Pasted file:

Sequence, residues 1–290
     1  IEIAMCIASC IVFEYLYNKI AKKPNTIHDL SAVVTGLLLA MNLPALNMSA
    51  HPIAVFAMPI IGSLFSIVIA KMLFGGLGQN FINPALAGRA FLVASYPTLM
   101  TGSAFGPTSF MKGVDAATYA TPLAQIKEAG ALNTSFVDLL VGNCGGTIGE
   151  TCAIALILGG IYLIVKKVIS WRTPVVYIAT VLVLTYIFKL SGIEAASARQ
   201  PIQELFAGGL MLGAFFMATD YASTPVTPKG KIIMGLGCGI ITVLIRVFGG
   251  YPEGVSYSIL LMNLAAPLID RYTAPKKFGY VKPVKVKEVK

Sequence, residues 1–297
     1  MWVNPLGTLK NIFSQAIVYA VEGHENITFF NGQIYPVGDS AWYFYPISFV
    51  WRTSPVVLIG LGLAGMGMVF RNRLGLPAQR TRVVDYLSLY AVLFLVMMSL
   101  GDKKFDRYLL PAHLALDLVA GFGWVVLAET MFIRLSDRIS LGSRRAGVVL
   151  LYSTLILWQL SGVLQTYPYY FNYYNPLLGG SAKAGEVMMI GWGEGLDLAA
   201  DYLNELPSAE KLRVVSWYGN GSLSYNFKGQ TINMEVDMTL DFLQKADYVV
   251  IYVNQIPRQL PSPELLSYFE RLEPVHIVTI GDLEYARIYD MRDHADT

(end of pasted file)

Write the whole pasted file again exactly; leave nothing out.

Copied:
Sequence, residues 1–290
     1  IEIAMCIASC IVFEYLYNKI AKKPNTIHDL SAVVTGLLLA MNLPALNMSA
    51  HPIAVFAMPI IGSLFSIVIA KMLFGGLGQN FINPALAGRA FLVASYPTLM
   101  TGSAFGPTSF MKGVDAATYA TPLAQIKEAG ALNTSFVDLL VGNCGGTIGE
   151  TCAIALILGG IYLIVKKVIS WRTPVVYIAT VLVLTYIFKL SGIEAASARQ
   201  PIQELFAGGL MLGAFFMATD YASTPVTPKG KIIMGLGCGI ITVLIRVFGG
   251  YPEGVSYSIL LMNLAAPLID RYTAPKKFGY VKPVKVKEVK

Sequence, residues 1–297
     1  MWVNPLGTLK NIFSQAIVYA VEGHENITFF NGQIYPVGDS AWYFYPISFV
    51  WRTSPVVLIG LGLAGMGMVF RNRLGLPAQR TRVVDYLSLY AVLFLVMMSL
   101  GDKKFDRYLL PAHLALDLVA GFGWVVLAET MFIRLSDRIS LGSRRAGVVL
   151  LYSTLILWQL SGVLQTYPYY FNYYNPLLGG SAKAGEVMMI GWGEGLDLAA
   201  DYLNELPSAE KLRVVSWYGN GSLSYNFKGQ TINMEVDMTL DFLQKADYVV
   251  IYVNQIPRQL PSPELLSYFE RLEPVHIVTI GDLEYARIYD MRDHADT